Once the dogs learned what the collar can do, all I had to do was pick it up and start playing with it in my own hand. The dogs quickly became little angels. We call the shock collars "Angel Collar."
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Old 04-12-2015, 02:26 AM
 
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We recently adopted a dog from the shelter that has such high prey drive he takes off full speed when he sees a rabbit, deer or birds, and we just don't exists or him when that drive overtakes his attention.
We live surrounded by sheep, cattle, and horse farms and when he's gotten loose he goes straight to chase them. Clearly, this is why he ended up at the pound.

So we've had a trainer help us start with the e-collar, and I am impressed with its efficacy, and it's lack of pain. Our dog wags his tail while we use it, and loves the training sessions as he is very willing and intelligent (if not on scent). It appears to just get his attention back on us in a pretty gentle way. We haven't used it off leash yet, but am confident it will work and prevent both our dog and neighbors livestock from getting hurt.
Our trainer has used it often for dogs that chase with good success, and all her references said the collar was an amazingly helpful tool.
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Old 04-12-2015, 10:43 AM
 
Location: Canada
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Sorry if I sound confused, but I've read about those training collars and don't get it.

Say you are training the dog to come. It says you are to ask them to come and using the lowest level to get their attention, push the button. Then you are to release it when they turn towards you and come towards you, correct? If the lowest level doesn't get a positive response and you click on the next level, (from a beep to a shock) wouldn't the shock scare them away from you, rather than towards you?
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Old 04-12-2015, 12:20 PM
 
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I'm pretty inexperienced at this as we are just beginning with it, but our trainer explained that the goal is to keep their attention on you, not the distractions. Your dog MUST know basic commands before starting the e-collar.
So our dog already knows come really well if not distracted by his prey drive, but when he sees a rabbit, or bird, or the horses running and bucking next door, it's like we don't exist. That's the only reason we are using it.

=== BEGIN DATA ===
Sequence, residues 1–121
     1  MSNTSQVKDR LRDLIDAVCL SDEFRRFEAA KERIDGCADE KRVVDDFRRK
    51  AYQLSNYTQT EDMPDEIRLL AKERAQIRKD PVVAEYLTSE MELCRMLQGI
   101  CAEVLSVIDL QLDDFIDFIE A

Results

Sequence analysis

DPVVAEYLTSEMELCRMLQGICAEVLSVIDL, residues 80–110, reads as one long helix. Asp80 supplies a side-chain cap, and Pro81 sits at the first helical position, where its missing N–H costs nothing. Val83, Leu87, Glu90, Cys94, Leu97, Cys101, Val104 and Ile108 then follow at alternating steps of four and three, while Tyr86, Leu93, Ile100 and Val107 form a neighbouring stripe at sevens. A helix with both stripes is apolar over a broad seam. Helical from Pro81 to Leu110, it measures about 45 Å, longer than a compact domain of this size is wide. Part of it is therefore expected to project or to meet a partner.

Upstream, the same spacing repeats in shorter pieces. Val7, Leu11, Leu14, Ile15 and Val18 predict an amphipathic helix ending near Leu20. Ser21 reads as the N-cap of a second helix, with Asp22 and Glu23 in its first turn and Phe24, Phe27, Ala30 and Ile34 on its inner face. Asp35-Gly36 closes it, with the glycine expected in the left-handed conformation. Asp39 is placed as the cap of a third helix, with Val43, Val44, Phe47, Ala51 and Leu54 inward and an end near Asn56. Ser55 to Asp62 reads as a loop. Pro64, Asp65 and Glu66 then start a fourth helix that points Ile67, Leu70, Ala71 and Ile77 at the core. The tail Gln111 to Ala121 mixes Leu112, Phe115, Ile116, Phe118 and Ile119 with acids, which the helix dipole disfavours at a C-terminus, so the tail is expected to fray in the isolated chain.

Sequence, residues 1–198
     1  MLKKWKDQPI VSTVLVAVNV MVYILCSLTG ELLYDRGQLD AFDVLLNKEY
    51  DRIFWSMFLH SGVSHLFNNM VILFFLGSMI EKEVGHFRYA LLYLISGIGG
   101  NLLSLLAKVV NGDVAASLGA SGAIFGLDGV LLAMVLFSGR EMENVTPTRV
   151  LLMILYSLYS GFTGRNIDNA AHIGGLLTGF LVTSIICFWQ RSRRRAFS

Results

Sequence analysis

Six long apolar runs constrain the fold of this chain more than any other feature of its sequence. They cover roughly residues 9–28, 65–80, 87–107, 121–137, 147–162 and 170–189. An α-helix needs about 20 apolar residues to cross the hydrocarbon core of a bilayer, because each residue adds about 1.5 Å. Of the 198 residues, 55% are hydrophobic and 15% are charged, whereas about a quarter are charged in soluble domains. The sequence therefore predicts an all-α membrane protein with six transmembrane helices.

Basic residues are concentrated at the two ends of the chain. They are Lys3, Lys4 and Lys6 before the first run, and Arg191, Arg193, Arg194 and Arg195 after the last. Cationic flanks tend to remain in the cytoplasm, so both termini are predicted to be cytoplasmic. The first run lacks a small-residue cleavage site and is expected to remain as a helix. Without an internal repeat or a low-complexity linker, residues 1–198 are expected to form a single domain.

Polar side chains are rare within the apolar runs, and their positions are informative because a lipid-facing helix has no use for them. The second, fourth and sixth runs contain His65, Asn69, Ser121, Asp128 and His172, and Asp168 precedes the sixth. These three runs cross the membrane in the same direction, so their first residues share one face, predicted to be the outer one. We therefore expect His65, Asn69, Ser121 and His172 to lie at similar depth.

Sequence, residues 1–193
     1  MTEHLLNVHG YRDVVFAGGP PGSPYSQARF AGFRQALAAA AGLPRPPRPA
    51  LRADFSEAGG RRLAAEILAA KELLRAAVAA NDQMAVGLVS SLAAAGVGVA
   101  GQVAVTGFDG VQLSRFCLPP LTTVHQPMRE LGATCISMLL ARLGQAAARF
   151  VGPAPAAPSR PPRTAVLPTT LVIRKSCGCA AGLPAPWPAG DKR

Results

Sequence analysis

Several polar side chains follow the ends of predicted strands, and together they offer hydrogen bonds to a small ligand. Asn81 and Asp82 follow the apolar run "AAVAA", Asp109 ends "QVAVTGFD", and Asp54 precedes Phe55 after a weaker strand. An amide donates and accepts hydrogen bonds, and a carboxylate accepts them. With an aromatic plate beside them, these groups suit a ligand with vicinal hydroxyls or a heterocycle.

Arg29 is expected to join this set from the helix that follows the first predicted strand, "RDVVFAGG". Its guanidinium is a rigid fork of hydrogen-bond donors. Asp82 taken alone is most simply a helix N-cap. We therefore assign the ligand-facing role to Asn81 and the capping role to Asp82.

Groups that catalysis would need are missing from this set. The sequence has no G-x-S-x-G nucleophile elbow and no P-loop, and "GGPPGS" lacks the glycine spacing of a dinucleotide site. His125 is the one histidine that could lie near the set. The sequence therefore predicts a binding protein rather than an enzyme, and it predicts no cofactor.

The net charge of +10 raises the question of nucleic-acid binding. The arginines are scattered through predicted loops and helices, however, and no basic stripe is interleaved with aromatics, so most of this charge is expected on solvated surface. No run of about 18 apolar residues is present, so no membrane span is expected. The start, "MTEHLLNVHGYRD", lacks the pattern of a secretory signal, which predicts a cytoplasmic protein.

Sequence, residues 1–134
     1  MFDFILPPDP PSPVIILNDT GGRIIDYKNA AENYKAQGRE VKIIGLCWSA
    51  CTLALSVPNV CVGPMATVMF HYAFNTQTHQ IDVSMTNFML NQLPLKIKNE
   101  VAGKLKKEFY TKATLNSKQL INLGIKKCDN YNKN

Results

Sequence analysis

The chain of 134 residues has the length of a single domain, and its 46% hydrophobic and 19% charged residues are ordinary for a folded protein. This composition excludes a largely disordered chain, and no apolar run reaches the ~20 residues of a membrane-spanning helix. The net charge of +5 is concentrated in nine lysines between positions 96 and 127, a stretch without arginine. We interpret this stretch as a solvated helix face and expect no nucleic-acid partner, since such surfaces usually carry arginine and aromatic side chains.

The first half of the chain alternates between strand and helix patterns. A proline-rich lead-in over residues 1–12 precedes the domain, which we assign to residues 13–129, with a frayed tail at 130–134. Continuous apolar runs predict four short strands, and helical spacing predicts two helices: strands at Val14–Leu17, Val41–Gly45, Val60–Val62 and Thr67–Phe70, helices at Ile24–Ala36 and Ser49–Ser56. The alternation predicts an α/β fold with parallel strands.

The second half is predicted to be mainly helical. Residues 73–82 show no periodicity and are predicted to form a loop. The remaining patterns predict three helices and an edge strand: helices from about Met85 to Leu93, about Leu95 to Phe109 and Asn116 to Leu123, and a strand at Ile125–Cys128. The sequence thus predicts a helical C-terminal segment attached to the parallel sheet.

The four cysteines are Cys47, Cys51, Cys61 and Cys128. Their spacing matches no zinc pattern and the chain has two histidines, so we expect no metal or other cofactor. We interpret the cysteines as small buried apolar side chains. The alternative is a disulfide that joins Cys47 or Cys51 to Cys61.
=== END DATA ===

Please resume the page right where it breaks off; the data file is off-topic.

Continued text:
So the trainer has us using it on a long leash and the minute he gets distracted away from us give him the continuos buzz with come command, which immediately gets his attention back on us and he wags his tail and comes running to us, but the buzz stops the minute he turns back to us.

We are to up the anty with harder diistractions every few days.

Then when he obeys really well when distracted, take him off leash in a fenced area where he thinks he's free, but we could still catch him, and let him get a scent and train for being off leash.

I really feel an owner needs an experienced trainer with the e-collar to help start you out because it is very confusing all the timing needs to be just right. My husband and I practiced on each other -- one being the dog, one being the trainer.
Couldn't stop laughing as my husband sits for his treat after such a good recall !!
But it helped us get familiar with all the timing and make our mistakes before working with him.
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Old 04-12-2015, 12:48 PM
 
Location: Canada
6,570 posts, read 5,977,409 times
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Quote:
Originally Posted by mountainrose View Post
I'm pretty inexperienced at this as we are just beginning with it, but our trainer explained that the goal is to keep their attention on you, not the distractions. Your dog MUST know basic commands before starting the e-collar.
So our dog already knows come really well if not distracted by his prey drive, but when he sees a rabbit, or bird, or the horses running and bucking next door, it's like we don't exist. That's the only reason we are using it.